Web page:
*If an error object is thrown to a statement that includes the NO-ERROR option, then the information and messages in the error object will be used to set the ERROR-STATUS system handle. This interoperability feature is important for those integrating code that uses the traditional NO-ERROR technique with the newer, structured error handling that features error objects and CATCH end blocks.


The following ABL example performs a RAW-TRANSFER of a newly created Customer record to the Record field of Replication-Log table:
CREATE Replication-Log.
Replication-Log.Taskid = DBTASKID(LDBNAME(BUFFER Replication-Log))
Replication-Log.Table  = 'Customer'
Replication-Log.Action = 'CREATE'.
RAW-TRANSFER Customer TO Replication-Log.Record.
For more information on database replication, see OpenEdge Data Management: Database Administration.


*The RAW-TRANSFER statement has several variations:
*The "buffer to raw-field" variation copies the entire record from the buffer to the raw field, prepending information on the source schema to the raw field.
*The "raw-field to buffer" variation first checks that the source schema information prepended to the raw field matches the schema of the buffer. Then it creates a target record, if necessary. Finally it updates each key field in the new record using values from the raw field, which forces indexing to occur.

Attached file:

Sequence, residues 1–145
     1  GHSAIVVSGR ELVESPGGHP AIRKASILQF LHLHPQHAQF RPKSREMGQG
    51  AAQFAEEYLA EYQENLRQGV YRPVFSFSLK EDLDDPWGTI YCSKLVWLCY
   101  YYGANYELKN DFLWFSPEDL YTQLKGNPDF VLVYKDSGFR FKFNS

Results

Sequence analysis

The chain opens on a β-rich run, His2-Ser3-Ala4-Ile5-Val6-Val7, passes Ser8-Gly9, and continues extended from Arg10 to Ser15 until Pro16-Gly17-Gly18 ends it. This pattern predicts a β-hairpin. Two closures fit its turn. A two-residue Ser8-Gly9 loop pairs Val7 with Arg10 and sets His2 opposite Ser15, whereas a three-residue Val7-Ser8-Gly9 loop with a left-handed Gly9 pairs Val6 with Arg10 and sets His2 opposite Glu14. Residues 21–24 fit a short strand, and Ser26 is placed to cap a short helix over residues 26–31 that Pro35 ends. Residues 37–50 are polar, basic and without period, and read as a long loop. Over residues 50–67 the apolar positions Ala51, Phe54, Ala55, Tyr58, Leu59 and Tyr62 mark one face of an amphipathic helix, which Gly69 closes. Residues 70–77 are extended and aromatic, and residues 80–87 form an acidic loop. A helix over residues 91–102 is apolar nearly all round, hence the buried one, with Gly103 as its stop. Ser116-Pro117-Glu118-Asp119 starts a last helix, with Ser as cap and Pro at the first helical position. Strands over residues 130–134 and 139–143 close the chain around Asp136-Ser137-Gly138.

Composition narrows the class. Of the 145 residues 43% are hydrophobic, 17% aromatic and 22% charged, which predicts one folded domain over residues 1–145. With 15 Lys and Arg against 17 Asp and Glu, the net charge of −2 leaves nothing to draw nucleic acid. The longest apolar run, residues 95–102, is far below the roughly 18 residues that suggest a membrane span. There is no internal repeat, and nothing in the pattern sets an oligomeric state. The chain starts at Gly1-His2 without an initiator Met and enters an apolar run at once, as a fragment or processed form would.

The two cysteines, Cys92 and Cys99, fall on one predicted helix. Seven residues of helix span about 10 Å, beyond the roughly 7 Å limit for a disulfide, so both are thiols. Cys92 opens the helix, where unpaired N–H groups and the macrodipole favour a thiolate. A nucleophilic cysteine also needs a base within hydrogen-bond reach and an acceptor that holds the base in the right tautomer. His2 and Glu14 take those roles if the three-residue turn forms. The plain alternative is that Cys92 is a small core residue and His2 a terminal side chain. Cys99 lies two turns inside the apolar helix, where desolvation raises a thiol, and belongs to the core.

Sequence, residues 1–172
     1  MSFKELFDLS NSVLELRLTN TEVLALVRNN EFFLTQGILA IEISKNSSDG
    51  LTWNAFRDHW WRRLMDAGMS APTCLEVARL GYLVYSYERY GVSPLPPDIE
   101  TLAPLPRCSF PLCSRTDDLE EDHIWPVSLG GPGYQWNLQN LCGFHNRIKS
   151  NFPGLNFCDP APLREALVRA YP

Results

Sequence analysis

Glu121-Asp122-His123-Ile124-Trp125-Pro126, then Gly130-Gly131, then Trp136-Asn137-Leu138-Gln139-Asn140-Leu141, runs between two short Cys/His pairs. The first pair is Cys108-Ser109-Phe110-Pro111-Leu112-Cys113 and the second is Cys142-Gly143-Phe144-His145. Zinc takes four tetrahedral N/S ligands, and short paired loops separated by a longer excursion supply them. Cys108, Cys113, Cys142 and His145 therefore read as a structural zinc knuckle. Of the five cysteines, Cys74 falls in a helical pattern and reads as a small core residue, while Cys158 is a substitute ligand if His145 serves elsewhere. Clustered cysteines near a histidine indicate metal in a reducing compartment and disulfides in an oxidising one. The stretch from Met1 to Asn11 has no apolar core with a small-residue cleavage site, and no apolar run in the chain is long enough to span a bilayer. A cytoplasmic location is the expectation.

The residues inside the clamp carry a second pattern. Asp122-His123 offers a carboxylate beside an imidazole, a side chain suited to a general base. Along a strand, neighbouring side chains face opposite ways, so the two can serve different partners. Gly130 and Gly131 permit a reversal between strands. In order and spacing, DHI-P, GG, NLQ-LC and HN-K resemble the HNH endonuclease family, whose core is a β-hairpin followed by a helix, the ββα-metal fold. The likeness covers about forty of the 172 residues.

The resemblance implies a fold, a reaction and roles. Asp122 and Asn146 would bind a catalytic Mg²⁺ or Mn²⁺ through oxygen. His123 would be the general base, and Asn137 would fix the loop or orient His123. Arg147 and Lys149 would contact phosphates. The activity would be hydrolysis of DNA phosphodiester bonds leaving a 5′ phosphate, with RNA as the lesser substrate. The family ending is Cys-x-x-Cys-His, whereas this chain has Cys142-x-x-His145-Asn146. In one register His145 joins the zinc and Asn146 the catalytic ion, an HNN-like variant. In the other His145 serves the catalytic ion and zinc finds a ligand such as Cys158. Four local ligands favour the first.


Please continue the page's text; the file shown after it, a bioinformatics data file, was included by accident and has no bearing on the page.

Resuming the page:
*The "buffer to buffer" variation is the same as the "raw-field to buffer" variation, except that the source is a record in another buffer.
*The RAW-TRANSFER statement respects database triggers.
*You can marshal an OpenEdge database record so that it can be sent across sockets by using the RAW-TRANSFER statement to put the record into a RAW variable and then copying the RAW variable to a MEMPTR that is being written to a socket. Use the PUT-BYTES function to do this. You can unmarshal database records by using the GET-BYTES function and then RAW-TRANSFER.
*At run time, the RAW-TRANSFER statement:
*Checks that the signatures of the source data and the target data match.
*Compares source and target code page ids, and (if they are present and different) translates the source's character data, writing any warnings to the database log file and raising any error conditions.
*Creates the target record, if none exists, and runs all appropriate CREATE and REPLICATE-CREATE triggers (unless the DISABLE TRIGGERS FOR LOAD option is active for the target).
*Registers changes in key fields with the index manager by updating each key field in the target when it differs from the source.
*Copies all data from the source record to the target record.
*Executes ASSIGN triggers for any modified fields (unless the DISABLE TRIGGERS FOR LOAD option is active for the target).
*When using the RAW-TRANSFER statement to copy a record that contains a BLOB or CLOB field, the AVM skips the BLOB or CLOB field and stores the Unknown value (?) in the BLOB or CLOB field of the target record.

See also

DISABLE TRIGGERS statement, LDBNAME function, RAW-TRANSFER( ) method, RECORD-LENGTH function